Famous jockey turned horse trainer visits city

Now is the time to buy potentially valuable thoroughbred race horses, says famous jockey turned trainer/owner Gary Stevens.

Jockey turned trainer/owner Gary Stevens

Jockey turned trainer/owner Gary Stevens

Now is the time to buy potentially valuable thoroughbred race horses, says famous jockey turned trainer/owner Gary Stevens.

Stevens has eight Triple Crown victories to his credit as well as mounting more than 5,000 winners, pocketing the horses’ owners more than $221 million. He told owners and buyers at the annual summer yearling sale at Westerner Park on Monday to get involved.

The sale runs today following Monday’s preview parade.

“It’s a buyers market right now,” said Stevens during a luncheon address. “I’ve been going pretty hard now buying horses.”

He said great horses can be purchased for lower prices than they have been for 20 years.

“Horses have been overpriced,” said Stevens, who won three Kentucky Derbies as well as three Belmont Stakes and two Preakness Stakes.

“A lot of good horses are being offered at basement prices,” said the native of Boise, Idaho, who now lives in California where he trains race horses.

He said if a new buyer goes into the business alone, he runs the risk of buying that one horse on a budget of $10,000 or $15,000 and pins his hope on one animal.

Stevens said owners have a better chance of success if they buy six animals since one of them could turn out to be a winner.

“A good horse could come from anywhere whether it’s Red Deer or Boise,” said Stevens, who was inducted into racing’s Hall of Fame in 1997 and won the Eclipse Award as the United States’ top jockey in 1998.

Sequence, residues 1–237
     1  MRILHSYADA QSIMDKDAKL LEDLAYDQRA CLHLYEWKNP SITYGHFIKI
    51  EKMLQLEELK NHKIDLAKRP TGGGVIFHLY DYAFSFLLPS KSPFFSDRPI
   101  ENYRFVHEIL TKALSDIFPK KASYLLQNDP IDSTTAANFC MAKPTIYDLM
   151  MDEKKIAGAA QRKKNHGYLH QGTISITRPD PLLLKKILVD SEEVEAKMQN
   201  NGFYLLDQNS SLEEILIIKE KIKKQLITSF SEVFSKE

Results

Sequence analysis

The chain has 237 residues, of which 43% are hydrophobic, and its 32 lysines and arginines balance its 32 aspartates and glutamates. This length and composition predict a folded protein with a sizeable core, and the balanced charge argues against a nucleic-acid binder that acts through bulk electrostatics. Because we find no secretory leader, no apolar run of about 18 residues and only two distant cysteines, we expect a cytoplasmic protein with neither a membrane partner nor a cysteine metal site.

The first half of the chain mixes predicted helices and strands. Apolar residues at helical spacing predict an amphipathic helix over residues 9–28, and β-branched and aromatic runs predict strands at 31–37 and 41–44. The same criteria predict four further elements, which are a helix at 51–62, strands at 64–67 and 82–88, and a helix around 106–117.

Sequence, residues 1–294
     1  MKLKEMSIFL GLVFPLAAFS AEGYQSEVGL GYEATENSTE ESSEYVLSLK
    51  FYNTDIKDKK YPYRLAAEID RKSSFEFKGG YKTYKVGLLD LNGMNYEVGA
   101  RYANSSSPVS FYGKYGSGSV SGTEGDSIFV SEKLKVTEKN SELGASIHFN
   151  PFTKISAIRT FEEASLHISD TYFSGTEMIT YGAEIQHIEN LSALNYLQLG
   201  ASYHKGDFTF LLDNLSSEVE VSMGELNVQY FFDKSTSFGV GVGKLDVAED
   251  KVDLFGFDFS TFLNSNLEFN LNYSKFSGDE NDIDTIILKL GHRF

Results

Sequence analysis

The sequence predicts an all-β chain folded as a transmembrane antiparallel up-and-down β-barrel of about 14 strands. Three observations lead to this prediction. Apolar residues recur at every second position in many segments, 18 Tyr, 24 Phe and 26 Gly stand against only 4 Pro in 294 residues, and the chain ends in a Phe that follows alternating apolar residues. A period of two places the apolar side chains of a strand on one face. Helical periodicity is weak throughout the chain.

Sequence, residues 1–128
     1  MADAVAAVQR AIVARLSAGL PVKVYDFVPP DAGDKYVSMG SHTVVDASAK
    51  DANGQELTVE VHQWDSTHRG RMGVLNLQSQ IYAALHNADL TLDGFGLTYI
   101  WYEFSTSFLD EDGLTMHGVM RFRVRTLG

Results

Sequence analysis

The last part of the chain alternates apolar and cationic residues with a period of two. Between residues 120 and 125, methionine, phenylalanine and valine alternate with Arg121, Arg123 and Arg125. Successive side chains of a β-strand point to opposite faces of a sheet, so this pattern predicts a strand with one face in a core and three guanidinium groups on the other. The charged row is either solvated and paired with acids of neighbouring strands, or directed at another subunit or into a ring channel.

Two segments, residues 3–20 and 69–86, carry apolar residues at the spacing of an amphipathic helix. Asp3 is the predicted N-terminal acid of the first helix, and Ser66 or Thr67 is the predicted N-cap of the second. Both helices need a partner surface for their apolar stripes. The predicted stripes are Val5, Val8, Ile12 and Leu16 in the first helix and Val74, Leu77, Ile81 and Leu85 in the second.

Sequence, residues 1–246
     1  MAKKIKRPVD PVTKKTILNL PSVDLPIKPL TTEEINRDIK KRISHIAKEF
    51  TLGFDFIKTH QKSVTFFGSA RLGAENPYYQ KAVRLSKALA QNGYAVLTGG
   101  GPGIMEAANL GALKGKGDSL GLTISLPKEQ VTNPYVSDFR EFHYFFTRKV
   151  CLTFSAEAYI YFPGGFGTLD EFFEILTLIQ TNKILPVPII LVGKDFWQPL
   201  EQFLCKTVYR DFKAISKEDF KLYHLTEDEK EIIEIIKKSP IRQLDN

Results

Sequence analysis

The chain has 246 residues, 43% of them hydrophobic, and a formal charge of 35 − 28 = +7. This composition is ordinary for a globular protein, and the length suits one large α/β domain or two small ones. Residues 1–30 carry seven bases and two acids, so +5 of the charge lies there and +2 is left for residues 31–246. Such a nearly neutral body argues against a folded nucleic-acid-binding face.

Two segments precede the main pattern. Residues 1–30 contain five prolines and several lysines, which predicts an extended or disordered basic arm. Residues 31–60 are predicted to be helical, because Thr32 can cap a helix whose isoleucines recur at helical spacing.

He said owners need to “trust your gut.”

“Do your homework and don’t always go for what is fashionable.”

Before his luncheon address, Stevens said in an interview that he never dreamed of achieving the success he had when starting out as an eight-year-old groom for his father Ron.

“All I wanted to do was be leading jockey at Les Bois Park in Boise,” he joked. His goal was simply to beat his older brother Scott’s record of wins in Boise.

He learned much from his brother and rode his first winner on a horse that his brother didn’t want to ride.

Stevens moved at age 18 to learn more about the trade in Seattle.

Now 49, Stevens said he then drifted to northern California during the down time in Seattle.

However, he started winning and word got around that he was a jockey who would go the extra mile to take mounts in all types of weather.

And when he started winning in those tough races, the offers increased.

A nine-time winner of the prestigious Santa Anita Derby in Los Angeles, Stevens became the youngest jockey ever to surpass $100 million in winnings.

Breaking into the trade wasn’t a bed of roses, he said.

A degenerative hip disease forced him to wear a hip brace for 19 months at age seven.

And racing wasn’t without its injuries.

He’s had 14 knee surgeries, two reconstructive shoulder operations and almost lost his life in 2003 after crossing the finishing line to win a race only to have his horse startled and bolt. Another horse was bearing down on the fallen Stevens.

“The last thing I remember was seeing a hoof come at my face.”

That moment was captured by a Sports Illustrated magazine photographer.

“I thought to myself, ‘This is it. I’m done.’

“I thought of my mother, my wife and kids.”

After regaining consciousness in hospital, he learned that the horse struck one of his legs and spun him around like a helicopter.

“I ended up with a collapsed lung from spinning so quickly.”

He also suffered two hairline spinal breaks and an injured neck.

“After that I started thinking about my career and how many times I could dodge that bullet.”

So he called it a day.

His most memorable Triple Crown win was his first Kentucky Derby triumph aboard Winning Colors in 1988.

“With each one it became sweeter and then you want more.”

He said his favourite horse was Silver Charm, which won both the Derby and Preakness Stakes in 1997. He later rode Silver Charm to the winner’s circle in the richest prize race in the world, the Dubai Cup.

In addition to writing a book, Stevens also played an important acting role in the Academy Award-nominated movie Seabiscuit.

He portrayed George Woolf, who came on as a substitute jockey for the horse when its regular jockey, played by actor Tobey Maguire, was injured.

jwilson@bprda.wpengine.com

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